I could remove the upper pannier and the tank bag, but the bike was still too heavy for me. So I turned the bike 180 degrees on the spot by grabbing and dragging the luggage rack. Picking it up was now easy, and the rocky ground had barely left a scratch on the cylinder cover.
I continued south and must have somehow missed that the 821 turned into the F821. Remember, the F is important. So a few smaller water crossings and a bit more technical riding were added to my little ride. Nice views, though ...
The next morning I looked out of the window and knew immediately that there wasn't much sleep in my future. There was a music festival coming up and the main stage was right in front of our guesthouse.
Loudspeakers being unloaded
The spares were one day late. They'd arrived on Iceland yesterday morning, but the flight from Reykjavik to Akureyri had been canceled. At least, that's what we'd been told.
So we did a short trip up the coast to see Siglufjoerdur. There's a new tunnel which you've got to pass, and these Icelandic tunnels are fun: They're single track roads with occasional wider spots where you could stop and give way to oncoming traffic. They're also only barely lit.
Then, we got the phone call, we've been waiting for: You got mail!
Back in town, a packet was waiting for me
So we left the bike with Jon and went partying ...
It was well past 10pm when he called me: "Your bike is ready." He'd done a good job, and was way cheaper than a BMW mechanic back home.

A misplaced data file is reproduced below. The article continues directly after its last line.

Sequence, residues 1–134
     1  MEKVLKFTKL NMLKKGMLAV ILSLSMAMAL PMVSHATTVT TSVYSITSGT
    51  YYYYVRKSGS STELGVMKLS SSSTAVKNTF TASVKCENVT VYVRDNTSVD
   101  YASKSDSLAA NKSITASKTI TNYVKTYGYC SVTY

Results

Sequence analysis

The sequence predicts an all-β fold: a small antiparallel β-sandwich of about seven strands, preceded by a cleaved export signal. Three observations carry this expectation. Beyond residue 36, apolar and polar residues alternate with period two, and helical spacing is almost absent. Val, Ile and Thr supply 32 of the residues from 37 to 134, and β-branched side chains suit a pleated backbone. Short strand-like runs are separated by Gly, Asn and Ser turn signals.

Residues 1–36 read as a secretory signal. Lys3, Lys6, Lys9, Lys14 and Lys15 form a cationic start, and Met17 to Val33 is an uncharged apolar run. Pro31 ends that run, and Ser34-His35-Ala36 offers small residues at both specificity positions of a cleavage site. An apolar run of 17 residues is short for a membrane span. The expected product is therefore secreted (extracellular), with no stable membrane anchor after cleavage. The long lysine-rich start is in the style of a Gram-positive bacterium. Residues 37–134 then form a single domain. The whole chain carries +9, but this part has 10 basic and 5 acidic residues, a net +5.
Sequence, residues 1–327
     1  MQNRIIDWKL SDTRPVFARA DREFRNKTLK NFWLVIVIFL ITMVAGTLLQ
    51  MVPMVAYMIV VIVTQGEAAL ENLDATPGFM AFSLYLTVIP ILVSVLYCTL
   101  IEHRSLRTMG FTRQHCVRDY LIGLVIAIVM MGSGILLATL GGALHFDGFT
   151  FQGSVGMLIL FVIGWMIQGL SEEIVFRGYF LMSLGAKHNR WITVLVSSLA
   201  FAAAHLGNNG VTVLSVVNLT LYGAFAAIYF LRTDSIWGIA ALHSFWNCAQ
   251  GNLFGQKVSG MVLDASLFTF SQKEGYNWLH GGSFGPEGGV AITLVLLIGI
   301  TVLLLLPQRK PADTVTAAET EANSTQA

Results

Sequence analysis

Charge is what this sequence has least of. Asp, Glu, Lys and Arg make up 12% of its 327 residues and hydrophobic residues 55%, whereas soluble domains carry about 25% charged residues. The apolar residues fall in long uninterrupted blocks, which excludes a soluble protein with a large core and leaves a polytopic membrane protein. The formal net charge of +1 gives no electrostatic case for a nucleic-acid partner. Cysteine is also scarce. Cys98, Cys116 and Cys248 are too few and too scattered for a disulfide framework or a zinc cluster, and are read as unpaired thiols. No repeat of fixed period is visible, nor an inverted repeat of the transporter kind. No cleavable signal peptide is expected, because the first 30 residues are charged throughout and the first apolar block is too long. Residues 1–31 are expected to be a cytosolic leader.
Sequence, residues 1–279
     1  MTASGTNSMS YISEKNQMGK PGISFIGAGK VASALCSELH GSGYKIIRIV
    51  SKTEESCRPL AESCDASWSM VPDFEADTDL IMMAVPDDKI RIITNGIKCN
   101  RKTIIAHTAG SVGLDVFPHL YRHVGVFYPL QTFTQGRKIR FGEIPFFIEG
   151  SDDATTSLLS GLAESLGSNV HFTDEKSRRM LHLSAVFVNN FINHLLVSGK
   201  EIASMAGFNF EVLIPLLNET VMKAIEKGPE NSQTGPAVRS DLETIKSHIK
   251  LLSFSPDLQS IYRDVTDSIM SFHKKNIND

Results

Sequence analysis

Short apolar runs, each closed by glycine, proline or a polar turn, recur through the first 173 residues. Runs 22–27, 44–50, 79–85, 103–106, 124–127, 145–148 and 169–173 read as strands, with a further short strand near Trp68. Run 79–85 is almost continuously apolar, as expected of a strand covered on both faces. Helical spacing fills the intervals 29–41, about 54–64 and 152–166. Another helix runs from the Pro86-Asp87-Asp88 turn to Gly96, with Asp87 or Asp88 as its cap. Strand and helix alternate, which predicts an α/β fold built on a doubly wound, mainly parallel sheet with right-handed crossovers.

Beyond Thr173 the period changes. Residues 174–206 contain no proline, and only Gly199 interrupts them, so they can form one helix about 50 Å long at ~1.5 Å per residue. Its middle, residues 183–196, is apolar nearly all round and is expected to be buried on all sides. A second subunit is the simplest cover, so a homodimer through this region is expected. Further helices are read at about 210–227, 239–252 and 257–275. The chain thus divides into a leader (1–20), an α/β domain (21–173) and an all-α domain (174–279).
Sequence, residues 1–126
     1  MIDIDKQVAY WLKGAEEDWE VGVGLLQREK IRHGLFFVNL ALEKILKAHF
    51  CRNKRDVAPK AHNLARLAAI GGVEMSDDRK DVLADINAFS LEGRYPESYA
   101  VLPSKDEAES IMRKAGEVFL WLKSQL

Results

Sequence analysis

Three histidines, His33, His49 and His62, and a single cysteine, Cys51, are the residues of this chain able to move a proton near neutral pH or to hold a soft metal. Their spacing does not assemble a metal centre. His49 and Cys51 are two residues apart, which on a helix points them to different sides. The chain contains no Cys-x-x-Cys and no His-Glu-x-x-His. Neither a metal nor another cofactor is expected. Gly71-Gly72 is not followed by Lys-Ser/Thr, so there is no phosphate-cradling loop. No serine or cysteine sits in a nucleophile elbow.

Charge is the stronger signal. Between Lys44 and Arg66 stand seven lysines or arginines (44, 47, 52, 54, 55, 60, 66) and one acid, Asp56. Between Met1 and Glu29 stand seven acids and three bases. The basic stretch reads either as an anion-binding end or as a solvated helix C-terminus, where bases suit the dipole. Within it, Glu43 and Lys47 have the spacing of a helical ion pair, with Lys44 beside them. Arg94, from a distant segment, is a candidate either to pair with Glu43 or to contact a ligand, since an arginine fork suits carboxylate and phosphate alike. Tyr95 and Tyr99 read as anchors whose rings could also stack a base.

Jon with the GS
So what I've learned here is that the standard fork spring settings for German highways are too soft for rough roads and a loaded bike (go figure ...). I had tightened up the preload on the rear spring, but had forgotten the front one. That had caused the damage.
Also, the guy's loved making fun of me after the seal incident: "GS is no motocross bike."
From now on I rode with more preload and never had these problems again.
Jon the mechanic looks kinda cute
I'm really enjoying your RR here, you have some amazing pictures, can't wait for the rest!
Benni and Ernst were meanwhile exploring the south. They proposed to meet at Landmannalaugar in 1 to 2 days. So we took road 821 again, heading to Laugafell first. Only this time, the weather was much worse. It had cooled down and was often drizzling rain. The road up the mountain was slippery and a few creeks had found there way onto the track.
Once up in the highlands we had to add some additional layers of clothing as the wind chill factor took part in the game. Laugafell was an extremely welcome sight. We were welcomed by the ranger who allowed us to use their kitchen to warm up and have lunch.
But most importantly, Laugafell has its own hot pot. Lying in the hot water under the clouded sky, with some raindrops here and there was extremely comfortable. I could have stayed in there all day long.
Now if we wanted to meet the guys we had to move on. We took the F752 to the Sprengisandur and had to cross 2 rivers. The second one was not too deep, but wide and with a bit of a current. It looked impressive and we discussed the situation with a guy in a 4x4. He wanted to watch us to see if he could make it, but we made it very clear that it would be the other way around ...
The jeep made it across easily and it seemed so could we. I went first. At some point I lost the grip on the front wheel which slipped uncontrollable to the left. I went over.
(video screen capture)
The bike lay under me on the side, surprisingly with the engine still running. I picked it up and continued to the other side. Maddin came over without trouble at all.